One of the most important components of life could form in the hearts of comets: ScienceAlert

One of the most important components of life could form in the hearts of comets: ScienceAlert

While details are understandably scant today, life on Earth is thought to have arisen about 4 billion years ago from a fateful mixture of organic compounds known as the primordial soup.

How and where the components of this initial biological input were created is still an area of ​​debate, given the timeline and surface conditions on the cold young Earth.

Basic substances such as amino acids, fats and sugars can form in the depths of space, recent research has shown, and have been discovered before. Delivered to Earth early Through meteorites and comets.

According to a new study by a team from Germany and France, this scenario is not only plausible, it offers the most likely explanation for how Earth acquired certain building blocks of life, some of which could have formed more efficiently in interstellar space.

The study focuses specifically on the formation of peptides, or short chains consisting of between 2 and 50 amino acids linked by chemical bonds called peptide bonds.

Peptides are the key to life on Earth. Composed of unique sequences of amino acids, they serve diverse functions such as catalyzing a range of biological processes. The researchers suggest that ancient peptides may also have played a role in forming the primitive precursors of cell membranes.

The researchers add that although peptides are clearly important in enabling life on Earth, the young planet may not have provided a great environment for their formation.

They explain that water can have a confounding effect on the formation of peptides from chemical components, and thus may have hindered this part of abiogenesis, or the emergence of life from non-living materials.

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There is a surprisingly friendlier place for peptide formation: the interstellar medium, a term that refers to the scattered matter and radiation that occupies the vast swaths of space between stellar systems.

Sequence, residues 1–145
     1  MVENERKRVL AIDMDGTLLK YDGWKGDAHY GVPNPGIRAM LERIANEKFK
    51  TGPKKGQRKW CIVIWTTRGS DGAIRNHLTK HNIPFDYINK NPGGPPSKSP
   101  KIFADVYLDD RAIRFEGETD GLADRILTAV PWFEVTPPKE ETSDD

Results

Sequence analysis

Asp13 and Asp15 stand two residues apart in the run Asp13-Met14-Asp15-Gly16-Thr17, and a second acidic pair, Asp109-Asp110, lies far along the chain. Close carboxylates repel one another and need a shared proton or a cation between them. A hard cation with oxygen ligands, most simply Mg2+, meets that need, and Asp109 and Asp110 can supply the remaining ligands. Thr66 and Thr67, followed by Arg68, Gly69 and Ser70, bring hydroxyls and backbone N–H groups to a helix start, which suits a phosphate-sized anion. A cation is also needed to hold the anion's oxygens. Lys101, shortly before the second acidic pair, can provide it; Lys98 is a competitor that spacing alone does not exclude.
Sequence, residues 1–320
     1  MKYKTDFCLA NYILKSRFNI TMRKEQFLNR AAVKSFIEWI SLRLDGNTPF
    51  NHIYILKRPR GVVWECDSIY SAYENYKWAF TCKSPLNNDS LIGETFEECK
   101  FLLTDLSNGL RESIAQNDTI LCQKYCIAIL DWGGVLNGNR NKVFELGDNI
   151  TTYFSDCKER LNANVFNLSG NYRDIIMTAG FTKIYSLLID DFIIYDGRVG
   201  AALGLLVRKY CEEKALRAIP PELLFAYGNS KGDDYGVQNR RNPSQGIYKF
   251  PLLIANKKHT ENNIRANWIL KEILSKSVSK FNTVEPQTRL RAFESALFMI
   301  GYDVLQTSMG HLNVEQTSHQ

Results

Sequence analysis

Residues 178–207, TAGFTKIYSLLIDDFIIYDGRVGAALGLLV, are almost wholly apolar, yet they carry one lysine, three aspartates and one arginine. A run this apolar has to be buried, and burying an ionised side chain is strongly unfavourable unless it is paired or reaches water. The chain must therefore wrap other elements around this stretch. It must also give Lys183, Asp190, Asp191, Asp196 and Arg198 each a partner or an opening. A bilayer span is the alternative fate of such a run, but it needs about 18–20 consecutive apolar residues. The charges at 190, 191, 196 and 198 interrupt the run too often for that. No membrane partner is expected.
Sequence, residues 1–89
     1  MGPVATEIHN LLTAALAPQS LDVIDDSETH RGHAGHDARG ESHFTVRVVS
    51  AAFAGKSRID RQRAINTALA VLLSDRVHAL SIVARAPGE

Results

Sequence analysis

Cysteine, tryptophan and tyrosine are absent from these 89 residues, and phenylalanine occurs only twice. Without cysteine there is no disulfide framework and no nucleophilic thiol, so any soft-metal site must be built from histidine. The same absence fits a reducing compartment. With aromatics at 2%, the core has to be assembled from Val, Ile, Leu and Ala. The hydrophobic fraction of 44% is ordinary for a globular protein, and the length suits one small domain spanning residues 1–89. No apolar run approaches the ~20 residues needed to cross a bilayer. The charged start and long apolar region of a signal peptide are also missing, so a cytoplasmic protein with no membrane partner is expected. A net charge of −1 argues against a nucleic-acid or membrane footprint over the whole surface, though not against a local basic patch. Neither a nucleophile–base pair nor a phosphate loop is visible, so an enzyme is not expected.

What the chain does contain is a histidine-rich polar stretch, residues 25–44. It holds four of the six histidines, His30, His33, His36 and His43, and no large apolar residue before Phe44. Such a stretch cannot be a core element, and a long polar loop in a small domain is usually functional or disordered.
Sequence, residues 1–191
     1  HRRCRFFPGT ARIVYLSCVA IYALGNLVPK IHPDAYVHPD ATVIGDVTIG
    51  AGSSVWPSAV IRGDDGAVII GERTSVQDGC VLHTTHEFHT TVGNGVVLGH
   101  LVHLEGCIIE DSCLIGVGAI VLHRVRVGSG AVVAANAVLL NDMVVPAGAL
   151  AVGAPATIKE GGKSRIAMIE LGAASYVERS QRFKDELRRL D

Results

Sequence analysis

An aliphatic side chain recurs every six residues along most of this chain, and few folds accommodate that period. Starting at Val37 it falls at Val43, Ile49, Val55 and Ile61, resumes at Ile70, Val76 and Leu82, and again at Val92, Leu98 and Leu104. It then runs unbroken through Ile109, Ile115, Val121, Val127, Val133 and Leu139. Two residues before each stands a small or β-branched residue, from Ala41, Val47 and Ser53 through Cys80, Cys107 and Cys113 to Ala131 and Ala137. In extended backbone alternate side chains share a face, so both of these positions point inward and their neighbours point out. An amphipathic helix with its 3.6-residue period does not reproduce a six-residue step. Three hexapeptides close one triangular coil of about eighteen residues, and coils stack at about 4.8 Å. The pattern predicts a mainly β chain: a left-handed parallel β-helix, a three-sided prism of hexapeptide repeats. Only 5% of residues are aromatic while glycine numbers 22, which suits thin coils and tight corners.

Led by Serge Krasnokotsky, an astrophysicist at the Max Planck Institute for Astronomy in Germany, the study authors simulated conditions found in the interstellar medium, allowing them to test in the laboratory some basic details about how our planet might end up with peptides.

View of the Orion B molecular cloud from the Hubble Space Telescope. (NASA/ESA)

They confirmed, for example, that peptide synthesis depends on three chemical components – carbon, carbon monoxide, and ammonia – the presence of which can lead to the formation of amino acid-like aminoketin molecules in low-density interstellar dust clouds.

As this type of molecular cloud condenses, the dust particles in it begin to coagulate, the researchers note, and the aminoketine molecules can assemble into chains — that is, peptides.

The ongoing coagulation of dust particles in interstellar space can help transform a thin molecular cloud into a denser protoplanetary disk, a ring of debris around a star that eventually condenses to form planets, moons and other celestial bodies.

Within these circumstellar disks, comets or asteroids that are a large distance from their star are “the most interesting objects for peptide formation,” the researchers say. He writes.

When such a body approaches the star and heats up, the evaporation of its internal molecules is generally suppressed, and only molecules in the thin surface layer can evaporate freely.

Once the temperature of an object rises to 176 K, the ammonia in its molecular ice combines with water to form a mixture that has a melting point lower than that of its components. Largely unable to evaporate, the liquid contents found deep within a comet or asteroid could be “well suited” for the formation of aminoketine molecules, the study authors say. He writes.

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They point out that solid molecules can move more freely within this liquid state, allowing a high concentration of ammonia molecules to act as catalysts.

Also, because rapid warming can disrupt the formation of peptide bonds, long periods of time during which these orbs undergo temperature changes would likely support peptide synthesis, providing more time for the necessary chemical reactions to occur.

Peptides likely formed in this way as our solar system evolved, the authors suggest, and may have later reached Earth when the young planet was bombarded by meteorites, comets and other potentially peptide-bearing objects.

The arrival of peptides would have given Earth at least one crucial element for life, contributing to the development of proto-membranes, or precursors of the membranes that give cells their structure and surround their contents.

More research will be needed to explore these findings, and continue to fill gaps in our understanding of the origins of life, but the authors say this study adds significant support to the idea that extraterrestrial ingredients helped bring Earth's primordial soup to life.

The study was published in Advancement of science.

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